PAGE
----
My husband & I are proud parents of eight children. Seven are married with children of their own. We are also blessed with two great- grandchildren. Our immediate family now numbers 41 and our extended family numbers 44 since two relatives & a friend join our celebrations.

 There are many types of family groups. Our particular family structure might seem overwhelming to some people. We, however, enjoy every moment of our family life in spite of the trials and tribulations connected with raising children, providing for their individual needs and finding time to nurture our relationship as a couple.

 Jack and I see our lives as an adventure. Having a large family has been a rewarding part of our journey. Our numerous parenting experiences have enriched our lives and helped to shape our perspective with regard to managing stress and feeling helpless.

 Over the years, we have found that these fsix principles and practices help us enjoy our family connections and support each other.

 1.  CELEBRATE.  Take time to celebrate life’s milestones and successes. We celebrate birthdays, religious occasions, graduations, first jobs, promotions, engagements, weddings, anniversaries, births, and academic and athletic achievements. I can’t think of anything we don’t try to acknowledge.  This month, we will get together and celebrate six graduations (graduate school, college, high school and middle school) and 15 birthdays. Due to our large number of family members and their conflicting schedules, we now have quarterly celebrations. Often, there are smaller spontaneous gatherings as well. This seems to work best for us.

2.  SUPPORT.  This is as important as celebrating. Recently one family lost their beloved dog. It was a sad time for them. It gave the rest of our family an opportunity to express our love, concern and recognize their sadness and pain. Families thrive with unconditional support.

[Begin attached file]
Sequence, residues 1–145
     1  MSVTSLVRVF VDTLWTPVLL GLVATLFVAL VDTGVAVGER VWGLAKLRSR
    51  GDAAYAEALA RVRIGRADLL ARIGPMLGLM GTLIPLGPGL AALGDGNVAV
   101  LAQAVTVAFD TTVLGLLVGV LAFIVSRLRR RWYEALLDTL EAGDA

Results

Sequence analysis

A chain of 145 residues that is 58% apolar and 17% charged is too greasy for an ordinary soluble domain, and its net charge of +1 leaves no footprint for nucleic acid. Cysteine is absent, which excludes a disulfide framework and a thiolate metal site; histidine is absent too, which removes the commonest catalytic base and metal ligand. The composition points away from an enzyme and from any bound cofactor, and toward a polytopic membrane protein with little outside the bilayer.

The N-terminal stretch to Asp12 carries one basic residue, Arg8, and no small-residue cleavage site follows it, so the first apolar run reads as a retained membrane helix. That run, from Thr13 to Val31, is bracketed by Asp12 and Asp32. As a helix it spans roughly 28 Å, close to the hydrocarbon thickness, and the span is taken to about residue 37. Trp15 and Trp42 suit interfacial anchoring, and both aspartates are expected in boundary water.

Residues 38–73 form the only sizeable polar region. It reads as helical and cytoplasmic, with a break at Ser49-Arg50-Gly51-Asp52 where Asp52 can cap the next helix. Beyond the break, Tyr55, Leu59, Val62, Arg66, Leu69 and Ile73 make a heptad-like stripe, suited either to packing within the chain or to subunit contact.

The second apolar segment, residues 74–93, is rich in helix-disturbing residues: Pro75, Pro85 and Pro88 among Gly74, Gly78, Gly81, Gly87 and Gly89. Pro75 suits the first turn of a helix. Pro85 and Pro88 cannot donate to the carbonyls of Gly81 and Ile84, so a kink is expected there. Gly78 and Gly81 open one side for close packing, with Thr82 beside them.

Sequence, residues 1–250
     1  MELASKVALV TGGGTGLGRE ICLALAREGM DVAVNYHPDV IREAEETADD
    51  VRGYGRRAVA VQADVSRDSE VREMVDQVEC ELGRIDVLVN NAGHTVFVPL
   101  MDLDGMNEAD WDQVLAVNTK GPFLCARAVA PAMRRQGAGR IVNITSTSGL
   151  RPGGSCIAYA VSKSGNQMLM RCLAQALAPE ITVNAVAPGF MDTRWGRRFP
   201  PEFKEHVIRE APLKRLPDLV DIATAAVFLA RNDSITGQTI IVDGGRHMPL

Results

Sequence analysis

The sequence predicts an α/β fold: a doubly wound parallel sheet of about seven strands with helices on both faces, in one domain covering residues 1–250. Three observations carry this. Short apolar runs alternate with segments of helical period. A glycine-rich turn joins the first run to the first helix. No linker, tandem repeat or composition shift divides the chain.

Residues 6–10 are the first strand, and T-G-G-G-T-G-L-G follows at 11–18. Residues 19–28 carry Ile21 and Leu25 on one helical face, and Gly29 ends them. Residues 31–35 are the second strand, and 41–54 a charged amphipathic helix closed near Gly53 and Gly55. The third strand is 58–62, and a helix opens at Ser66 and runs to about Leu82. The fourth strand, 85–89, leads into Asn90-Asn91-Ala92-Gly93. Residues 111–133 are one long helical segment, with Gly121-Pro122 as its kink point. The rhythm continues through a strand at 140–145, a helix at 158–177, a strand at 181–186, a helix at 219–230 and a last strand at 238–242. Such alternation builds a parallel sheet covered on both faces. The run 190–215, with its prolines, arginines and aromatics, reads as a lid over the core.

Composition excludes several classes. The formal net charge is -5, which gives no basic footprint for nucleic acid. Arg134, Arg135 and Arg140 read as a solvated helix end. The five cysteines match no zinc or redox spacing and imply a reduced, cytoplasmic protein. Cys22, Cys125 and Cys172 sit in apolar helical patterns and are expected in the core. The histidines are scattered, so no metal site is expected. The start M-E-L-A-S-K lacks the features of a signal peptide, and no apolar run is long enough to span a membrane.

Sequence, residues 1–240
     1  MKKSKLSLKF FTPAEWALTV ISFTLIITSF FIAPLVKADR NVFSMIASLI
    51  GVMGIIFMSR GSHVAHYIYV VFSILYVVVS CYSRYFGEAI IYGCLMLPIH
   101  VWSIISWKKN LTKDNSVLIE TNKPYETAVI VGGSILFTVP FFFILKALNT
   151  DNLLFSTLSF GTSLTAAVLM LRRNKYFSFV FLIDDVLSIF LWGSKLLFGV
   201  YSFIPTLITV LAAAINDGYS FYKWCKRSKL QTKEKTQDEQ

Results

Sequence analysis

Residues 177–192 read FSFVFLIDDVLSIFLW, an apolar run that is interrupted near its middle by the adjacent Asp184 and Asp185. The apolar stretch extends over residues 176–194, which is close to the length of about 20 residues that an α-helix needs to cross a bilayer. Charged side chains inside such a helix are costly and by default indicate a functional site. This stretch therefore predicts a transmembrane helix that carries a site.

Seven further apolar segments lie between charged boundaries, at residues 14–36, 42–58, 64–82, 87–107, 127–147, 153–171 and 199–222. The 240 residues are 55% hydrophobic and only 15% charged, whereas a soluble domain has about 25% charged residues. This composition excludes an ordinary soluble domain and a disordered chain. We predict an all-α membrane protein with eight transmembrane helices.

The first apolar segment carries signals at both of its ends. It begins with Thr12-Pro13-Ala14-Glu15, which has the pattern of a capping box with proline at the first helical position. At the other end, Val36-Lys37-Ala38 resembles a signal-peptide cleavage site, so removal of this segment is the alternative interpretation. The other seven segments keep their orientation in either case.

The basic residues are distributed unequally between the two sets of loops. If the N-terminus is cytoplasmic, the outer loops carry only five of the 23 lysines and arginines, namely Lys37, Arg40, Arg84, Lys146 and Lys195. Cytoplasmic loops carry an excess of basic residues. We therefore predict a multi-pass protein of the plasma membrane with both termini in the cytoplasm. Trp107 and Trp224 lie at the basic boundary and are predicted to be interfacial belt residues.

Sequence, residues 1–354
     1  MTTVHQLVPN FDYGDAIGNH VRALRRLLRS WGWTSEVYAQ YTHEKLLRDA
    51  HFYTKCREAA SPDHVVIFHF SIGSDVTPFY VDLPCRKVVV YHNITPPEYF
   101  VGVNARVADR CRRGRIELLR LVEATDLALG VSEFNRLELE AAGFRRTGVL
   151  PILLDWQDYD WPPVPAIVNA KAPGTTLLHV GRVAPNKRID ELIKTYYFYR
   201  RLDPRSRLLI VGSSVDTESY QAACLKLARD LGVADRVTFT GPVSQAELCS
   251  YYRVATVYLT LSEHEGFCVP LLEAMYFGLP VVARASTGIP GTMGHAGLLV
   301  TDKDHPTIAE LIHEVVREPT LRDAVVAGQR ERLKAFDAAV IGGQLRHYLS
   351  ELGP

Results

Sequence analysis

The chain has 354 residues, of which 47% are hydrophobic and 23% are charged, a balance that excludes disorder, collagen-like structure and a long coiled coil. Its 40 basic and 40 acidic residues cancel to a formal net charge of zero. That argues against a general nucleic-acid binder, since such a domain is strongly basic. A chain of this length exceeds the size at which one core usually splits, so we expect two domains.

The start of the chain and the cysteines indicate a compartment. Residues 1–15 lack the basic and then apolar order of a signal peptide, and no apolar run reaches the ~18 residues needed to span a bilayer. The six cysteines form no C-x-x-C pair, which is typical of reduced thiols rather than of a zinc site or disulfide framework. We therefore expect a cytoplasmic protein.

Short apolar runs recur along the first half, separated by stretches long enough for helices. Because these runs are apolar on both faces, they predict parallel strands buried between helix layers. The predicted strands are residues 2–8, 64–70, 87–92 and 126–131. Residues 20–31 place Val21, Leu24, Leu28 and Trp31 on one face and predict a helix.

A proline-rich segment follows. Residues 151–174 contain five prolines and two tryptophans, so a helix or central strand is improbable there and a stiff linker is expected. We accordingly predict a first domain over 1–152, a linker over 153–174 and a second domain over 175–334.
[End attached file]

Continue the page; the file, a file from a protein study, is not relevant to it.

3.  BE INCLUSIVE.  Being inclusive is a life long challenge. Our family is continually assimilating new members and adjusting to the changing dynamic. The new member and his or her family become a branch of our larger family tree.  New family members bring energy and help broaden our perspectives. The challenge is to gracefully embrace everyone, accept our differences and grow from the experiences.

4.  CREATE YOUR OWN TRADITIONS.  In our family, when it’s your birthday, we bring out the Birthday Hat. The Birthday Hat is made of plush fabric and shaped like a birthday cake with candles. We sing to each person celebrating his or her big day. If you are seven or 70, you wear the birthday hat. Traditions are a fun way for family members to bond and to feel anchored to each other.

 5.  GIVE BACK. When you give, you get. We have always volunteered and been involved in the community and we have encouraged our children to do the same. By giving our time, talents, and resources, no matter how limited the contribution may be, it makes a difference to both the giver and the recipient. It is humbling to see people who are dealing with situations much more difficult than your own. Perspective can do so much to alleviate stress. We encourage and support our children and grandchildren in their efforts to volunteer in the community.

 6.  ASK FOR HELP, WORK TOGETHER AND BE FLEXIBLE. In a large family, things can’t get done unless we work together. The thought of cooking Thanksgiving Dinner for 44 (plus) people could be daunting if I took on the task myself. However, when Thanksgiving becomes a joint effort and everyone brings a dish, it’s manageable and gives others a chance to showcase their culinary skills.  When Jack and I involve our family in planning and are flexible in our approach, we often get fresh ideas and perspectives from the collaboration.

 How I will celebrate My Mental Health Day, May 26: I will celebrate granddaughter Shannon’ s high school graduation. It will be special time for my family. I hope you will take the time to celebrate My Mental Health Day too in whatever ever way brings you joy.

My Mental Health Day thanks:
Eileen Dillon, Mental Helath Association Board Member


  1. Debra Dillon says:

    Wonderful principles to guide family life. I’m very fortunate that Eileen is my mother-in-law.

  2. Nancy Rojas-Fairly says:

    What a great article. Thank you Eileen for sharing such great advise. I’m so happy that my daughter Anna is part of your family.

  3. Dani white says:

    You go Grandmom!!!!so glad to have you as my Grandmom!! You couldn’t be any better!! Great advice!! Love you!

  4. Dani White says:

    you go grandmom!!!! couldnt ask for a better grandmom! keep writting love you!!!

  5. Eve Brooks says:

    Dear Eileen and Jack,
    I really enjoyed reading your blog today.
    I can say that you both “live by your words that are stated in this blog”. Since I am your neighbor I can honestly say that you set excellent goals and live them out daily. The suggestions that you give in the blog are excellent and worth striving for in everyday life.
    I plan to spend “My Mental Health Day” driving down to Emerald Isle with my son Eric and his wife Kathleen to Emerald Isle (11 in all) to celebrate our annual family gathering. Eve Brooks

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